“Although postoperative concentrations of cTnT were powerfully predictive of the risk of complications and death after CABG, we found the currently recommended cut-points for diagnosing myocardial infarction are far too low,” says James Januzzi, MD, director of the MGH Cardiac Intensive Care Unit, the study’s senior author. “But use of cTnT to predict overall postoperative risk does look very promising.”
Patients recovering from bypass surgery, in which blood supply to the heart muscle is rerouted around one or more blocked coronary arteries, are at risk for a number of postoperative complications, including heart attack. Current standards for the diagnosis of post-operative myocardial infarction include consideration of symptoms such as chest pain, electrocardiogram changes and the results of biomarker tests. However, since patients recovering from cardiac surgery inevitably experience chest pain and the results of postoperative electrocardiograms are often unclear, clinicians may heavily rely on biomarkers like cTnT to diagnose post-CABG heart attacks.
An earlier study of the prognostic role of cTnT in cardiac surgery patients found that extreme elevations of the enzyme strongly predicted the risk of complications and death in the year following surgery. But that study examined a mixture of post-cardiac-surgery patients and also did not consider diagnostic guidelines outlined in a 2007 consensus statement from four organizations, including the American Heart Association and the American College of Cardiology.
The current study was designed to specifically evaluate the usefulness of cTnT in the diagnosis of post-CABG heart attack and to examine factors associated with postoperative cTnT elevation and how well cTnT levels predicted postoperative complications in general. Measurements of cTnT levels were taken from almost 850 CABG patients immediately after their procedures and 6, 8, 18 and 24 hours later. Those levels were then analyzed based on several factors related to the patients’original illness, surgery, and short- and long-term outcomes.
The results indicated that cTnT levels were elevated in virtually all post-CABG patients, although only 2 percent actually met postoperative myocardial infarction criteria. Factors predicting cTnT elevation included the complexity of the initial coronary artery blockages, the number of grafts that were placed and the patients’immediate postoperative condition. While the near-universality of cTnT elevation made it a less useful indicator of heart attack, cTnT levels 10 times higher than the current consensus guidelines powerfully and independently predicted the risk of death and other postoperative complications, adding to the predictive power of risk-scoring models such as that developed by the Society for Thoracic Surgery.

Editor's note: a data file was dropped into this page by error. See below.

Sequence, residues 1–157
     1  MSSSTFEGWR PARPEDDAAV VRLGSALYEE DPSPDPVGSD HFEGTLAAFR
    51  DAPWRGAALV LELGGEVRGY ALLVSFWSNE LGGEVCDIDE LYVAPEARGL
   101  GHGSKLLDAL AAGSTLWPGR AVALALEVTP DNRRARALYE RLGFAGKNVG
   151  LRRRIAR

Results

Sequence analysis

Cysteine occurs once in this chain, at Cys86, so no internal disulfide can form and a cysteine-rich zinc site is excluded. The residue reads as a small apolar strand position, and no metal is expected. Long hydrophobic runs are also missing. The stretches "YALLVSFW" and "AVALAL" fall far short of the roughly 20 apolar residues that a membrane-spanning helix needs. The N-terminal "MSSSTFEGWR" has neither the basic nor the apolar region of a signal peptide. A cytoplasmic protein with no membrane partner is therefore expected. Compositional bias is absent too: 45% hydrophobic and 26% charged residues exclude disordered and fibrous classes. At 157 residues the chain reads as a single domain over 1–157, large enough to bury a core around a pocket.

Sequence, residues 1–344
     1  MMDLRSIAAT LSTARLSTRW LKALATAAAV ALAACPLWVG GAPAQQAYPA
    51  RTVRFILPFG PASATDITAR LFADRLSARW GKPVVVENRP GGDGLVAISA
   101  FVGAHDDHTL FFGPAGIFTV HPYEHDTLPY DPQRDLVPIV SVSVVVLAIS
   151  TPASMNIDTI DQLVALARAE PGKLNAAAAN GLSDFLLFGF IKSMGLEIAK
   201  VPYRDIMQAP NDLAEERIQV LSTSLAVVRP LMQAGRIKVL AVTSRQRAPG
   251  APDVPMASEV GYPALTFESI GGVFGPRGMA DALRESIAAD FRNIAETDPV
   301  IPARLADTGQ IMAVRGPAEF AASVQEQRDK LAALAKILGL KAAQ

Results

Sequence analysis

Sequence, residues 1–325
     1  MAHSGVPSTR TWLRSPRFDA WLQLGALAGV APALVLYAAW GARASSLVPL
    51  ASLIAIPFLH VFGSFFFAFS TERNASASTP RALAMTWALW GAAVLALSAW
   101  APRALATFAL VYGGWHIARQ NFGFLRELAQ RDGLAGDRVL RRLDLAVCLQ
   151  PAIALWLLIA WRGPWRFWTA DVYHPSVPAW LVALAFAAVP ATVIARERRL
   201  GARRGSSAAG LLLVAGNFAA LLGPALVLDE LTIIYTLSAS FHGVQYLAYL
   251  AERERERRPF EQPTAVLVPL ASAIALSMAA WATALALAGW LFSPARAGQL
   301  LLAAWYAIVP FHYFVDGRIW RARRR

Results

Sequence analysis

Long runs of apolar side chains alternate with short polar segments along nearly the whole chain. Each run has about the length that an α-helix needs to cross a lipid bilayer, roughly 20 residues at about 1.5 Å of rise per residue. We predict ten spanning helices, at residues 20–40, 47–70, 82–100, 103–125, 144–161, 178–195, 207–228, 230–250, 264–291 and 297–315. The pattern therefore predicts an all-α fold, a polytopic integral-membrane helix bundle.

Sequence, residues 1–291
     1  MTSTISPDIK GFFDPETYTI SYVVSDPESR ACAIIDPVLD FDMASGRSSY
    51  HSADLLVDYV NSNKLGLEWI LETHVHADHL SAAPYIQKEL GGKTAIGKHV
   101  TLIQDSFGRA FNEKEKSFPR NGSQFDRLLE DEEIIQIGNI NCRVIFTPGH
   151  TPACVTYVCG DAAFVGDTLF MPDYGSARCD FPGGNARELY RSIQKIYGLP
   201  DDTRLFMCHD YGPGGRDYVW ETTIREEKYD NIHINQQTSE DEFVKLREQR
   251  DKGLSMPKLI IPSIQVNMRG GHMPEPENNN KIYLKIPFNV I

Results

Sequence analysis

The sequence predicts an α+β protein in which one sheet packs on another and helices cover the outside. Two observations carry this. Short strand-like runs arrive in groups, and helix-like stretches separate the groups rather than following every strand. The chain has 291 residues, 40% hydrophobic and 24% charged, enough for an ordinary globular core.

“These findings imply that the diagnosis of regional post-CABG myocardial infarction should continue to be based largely on clinical judgment and angiographic demonstration of postoperative closure of a bypass graft, which is fortunately a rare situation,” says Januzzi, who is an associate professor of Medicine at Harvard Medical School. “On the other hand, excessive diffuse myocardial injury – as reflected by significant cTnT elevation – may be more common than suspected; and cTnT does an excellent job of identifying those patients destined for complication in the postoperative period. This makes a strong case that troponin testing should be incorporated into overall post-CABG risk assessment, independent of its use for MI diagnosis.”
Asim Mohammed, MD, of the MGH Division of Cardiology, is lead author of the Circulation paper. Additional co-authors are Roland van Kimmenade, MD, PhD, Abelardo Martinez-Rumayor, MD, Sandy Green, MD, and Rene Quiroz, MD, MGH Cardiology; and Arvind Agnihotri, MD, MGH Cardiac Surgery. Support for the study included grants from the Dennis and Marilyn Barry Fund for Cardiac Research, the Interuniversity Cardiology Institute of the Netherlands and the Balson Scholar Fund.
Massachusetts General Hospital, established in 1811, is the original and largest teaching hospital of Harvard Medical School. The MGH conducts the largest hospital-based research program in the United States, with an annual research budget of almost $550 million and major research centers in AIDS, cardiovascular research, cancer, computational and integrative biology, cutaneous biology, human genetics, medical imaging, neurodegenerative disorders, regenerative medicine, systems biology, transplantation biology and photomedicine.
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